Thursday, February 10, 2011

Barriere: Sonatas for Cello and Continuo, Second Book (Ensemble "Concerto di Bassi")

Jean-Baptiste Barrière (1707-1747) 是法國晚期巴洛克作曲家,也是當時法國最出眾的大提琴家之一。他為大提琴寫的四冊奏鳴曲,應該是當時為此樂器樂寫最多曲子的作曲家了。只有後來古典時期Boccherini的出現,才超越他的產量。

Barrière出身於Bordeaux(波爾多),父親是補鞋的,家中還有兩位姊姊和兩位兄弟。一位兄弟,決定也去發展手工藝,後來成了玻璃工人。另一位兄弟則選擇去做神職人員。相較之下,Barrière選擇音樂這條路,和他家庭的歷史背景都相當不同,顯得格外特別。

和許多法國音樂家一樣,Barrière開始應該是學習古中提琴(viola da gamba)的,後來才轉練大提琴的。大提琴原本來自義大利,是漸漸才傳到法國的。路易十四,為了擁護法國的文化,一直儘可能抵擋外來的影響。他過逝之後,才變得越來越開放。(諷刺的是,路易十四的心腹作曲家Jean-Baptiste Lully(盧利)本身是義大利人)。總之,Barrière後來到了巴黎,做了Musicien ordinaire de notre Académie Royale de Musique(皇家音樂協會常任音樂家)。他於1736年,前往義大利進修,和名大提琴Francesco Alborea (別名Francischello)學琴。三年後,返回法國,繼續他的作曲家還有音樂家生涯。他過逝時,一項殊榮頒給了他的家人,由兄弟Francois接受。可見,Barrière的名氣在法國是相當響亮的。

Barrière一生出版了六部作品,前四部都是給大提琴的奏鳴曲。第五部是給高音古提琴(pardessus de viole,有興趣看英文解說和照片的可點這兒)的奏鳴曲,然後第六部是給大鍵琴的奏鳴曲。當然,最有價值和貢獻的,莫過於前四冊的大提琴作品。風格上,是受義大利曲風影響的法國曲子。從「奏鳴曲」一詞,就已經是不折不扣的義大利產物了。每首奏鳴曲通常都是四個樂章,慢-快-慢-快。不過,從樂句,節奏上來聽,則瀰漫著濃厚的法國味。光是技巧上來說,這些曲子就算對今天的大提琴家,都有一定程度上的挑戰。當初Barrière在寫這些曲子的時候,他根本沒在管那些業餘音樂家容不容易拉的音樂,而是不斷超越自己的極限。今天的巴洛克大提琴家,應該沒有不識或不拉Barrière的吧。之前認識台灣的巴洛克女大提琴家黃琪芝女士,對Barrière情有獨鍾,在這兒可見到。她的網站,也可聽到她的錄音唷~~

這張CD是Barrière作品二的六首大提琴奏鳴曲,由法國的室內樂團Ensemble "Concerto di Bassi"演奏。之前不認識上面的音樂家,不過大提琴家Alain Gervreau有和我看過的音樂家合作過。照CD上的介紹看來,他們活動的範圍好像也都主要在法國一帶。 首先,可能因為收音麥克風離音樂家太近的關係,可以清楚地聽到呼吸聲,多半是大提琴家的。如撇開這個「小」(因人而異)問題,那他們表演流暢,懂得如何讓音樂呼吸。在快樂章裡音樂的呈現非常動態,有掌握到何時該前進,何時該停頓。Alain選擇的大提琴音色有力而深沈,和有些聽到比較輕快的表現方式不同,不過並無不妥,而且相當一致。慢的樂章裡,這種拉法顯得很感性。那種在沈思的感覺,不禁讓人聯想起Barrière的法國前輩們的古中提琴音樂,其內斂程度遠過義大利的作曲家們。Gervreau與Ensemble "Concerto di Bassi",成功地傳達Barrière的大提琴奏鳴曲裡法國風原來感情上的深度,但同時結合了來自義大利風的活力,是悅耳又動聽的演出。

Jean-Baptiste Barrière (1707-1747) French composer and one of the finest French cellists of his time. His 4 books for cello represent probably the largest collection of works written for the instrument at the time, surpassed later by of course, Boccherini.  Born in Bordeaux, he was fourth among a family of five children.  Barrière's father was a cobbler, and one of his brothers took up a career in craftsmanship, becoming a glazier.  Among his other siblings, another brother became a clergyman, while his two sisters remained home for their lives.  It seems then, that Barrière had the most interesting life of becoming a musician, traveling to Paris and abroad.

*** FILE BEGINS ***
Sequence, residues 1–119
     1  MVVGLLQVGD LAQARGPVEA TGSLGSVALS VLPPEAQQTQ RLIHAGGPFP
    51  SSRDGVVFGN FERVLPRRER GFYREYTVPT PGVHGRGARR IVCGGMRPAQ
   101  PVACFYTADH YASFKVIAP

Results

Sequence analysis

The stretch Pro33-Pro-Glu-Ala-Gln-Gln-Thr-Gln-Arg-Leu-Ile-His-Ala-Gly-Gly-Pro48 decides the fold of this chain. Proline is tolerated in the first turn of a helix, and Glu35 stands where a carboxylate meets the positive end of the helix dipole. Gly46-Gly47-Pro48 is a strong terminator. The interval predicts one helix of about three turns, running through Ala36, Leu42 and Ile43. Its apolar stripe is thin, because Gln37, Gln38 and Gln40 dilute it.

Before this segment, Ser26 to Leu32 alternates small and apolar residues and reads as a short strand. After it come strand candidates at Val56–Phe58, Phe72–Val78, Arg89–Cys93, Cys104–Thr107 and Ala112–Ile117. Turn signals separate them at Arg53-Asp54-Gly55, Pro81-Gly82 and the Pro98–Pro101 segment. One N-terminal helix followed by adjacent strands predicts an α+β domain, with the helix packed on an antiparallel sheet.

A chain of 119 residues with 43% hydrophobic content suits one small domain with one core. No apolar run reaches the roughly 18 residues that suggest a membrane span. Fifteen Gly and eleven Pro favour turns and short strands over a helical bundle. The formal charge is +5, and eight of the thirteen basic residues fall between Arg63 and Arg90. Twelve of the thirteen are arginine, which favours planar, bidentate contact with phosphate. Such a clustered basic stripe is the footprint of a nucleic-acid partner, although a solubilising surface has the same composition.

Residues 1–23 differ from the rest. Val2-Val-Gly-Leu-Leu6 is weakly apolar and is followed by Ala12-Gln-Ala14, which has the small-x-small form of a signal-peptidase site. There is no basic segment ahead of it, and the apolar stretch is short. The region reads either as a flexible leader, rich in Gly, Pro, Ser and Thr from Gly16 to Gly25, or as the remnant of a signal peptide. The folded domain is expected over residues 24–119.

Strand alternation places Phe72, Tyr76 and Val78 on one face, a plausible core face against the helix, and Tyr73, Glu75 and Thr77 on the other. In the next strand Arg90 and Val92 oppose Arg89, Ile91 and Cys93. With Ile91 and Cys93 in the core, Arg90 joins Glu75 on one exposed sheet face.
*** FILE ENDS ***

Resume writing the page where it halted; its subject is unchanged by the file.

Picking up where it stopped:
Barrière, like many other French musicians of the time, started out on the viola da gamba, a French tradition upheld by former greats like Sainte-Colombe and Marais.  Eventually, French musical taste gave in to the Italian influence, especially after the death of Louis XIV.  After the instrument's gradual introduction in France, French cello music started with Boismortier, the first French composer to write sonatas specifically for the cello.  Barrière came to Paris, made it up the ranks, eventually becoming Musicien ordinaire de notre Académie Royale de Musique.  In 1736, to learn the latest and greatest, he embarked on a 3-year trip to Italy, studying at some point with famed cellist Francesco Alborea, also known as Francischello.  He later returned to Paris and resumed his activities as a cellist and composer. 

Of Barrièr's 6 published opuses, 4 are cello sonatas.  One is a set of sonatas for the pardessus de viole (Here is an interesting description to the instrument for those who are not familiar with what it is), and one is a set of harpsichord sonatas.  Like many of the later French works, these pieces are a synthesis of the French and Italian styles.  In all fairness, the term "sonata" by itself is as Italian as it gets.  Books 1 and 2 were written supposedly before his trip to Italy and books 3 and 4 after.  Stronger Italian influence is noticeable in the later books but they aren't absent in the earlier ones either.    All of his cello works present various technical challenges even to today's accomplished cellists.  Unlike Boismortier or Leclair, who would "compromise" to write easier pieces for the amateur musicians, Barrière couldn't care less about them.  Instead, he constantly challenged and strove to surpass himself.  

The works on this disc comprise of the complete 6 cello sonatas of his second book, all of the 4-movement slow-fast-slow-fast format.  The group here is the French Ensemble "Concerto di Bassi," with Alain Gervreau on the baroque cello.  Have not heard of them before, but they seem to be a well-established French period ensemble.  The close mic means that you get to hear Alain breathe,  a lot.  If you can look (hear) past that, then you are treated to fine and sensuous playing.  Ensemble "Concerto di Bassi" uses a combination of playing the harpsichord or the organ, depending on the mood of the movement.  The fast movements are played at a good pace, music amply driven with good phrasing and continuo support.  Alain seems to go for a darker and stronger sonority and not a light and jumpy tone, which does not bother me and is consistent throughout.  This is works, since for the highly idiomatic slow movements, the playing is very contemplative and emotionally charged, evoking the deep history of  French viol playing.  In all, a fine disc for a neglected composer...  

  





1 comment:

P said...

Hello, I found the Barrièrre's music videos on YouTube. I'm very interested on this CD (I can't find it). I'm specially interested in the track "Sonata for violincello & bc. No. 2", wich I heard in a radio station (I was enthralled for this interpretation). Can you perhaps send me this track, please? I hope you can help me. Thank you very much! And sorry for my bad english.

der.heizer.p@gmail.com

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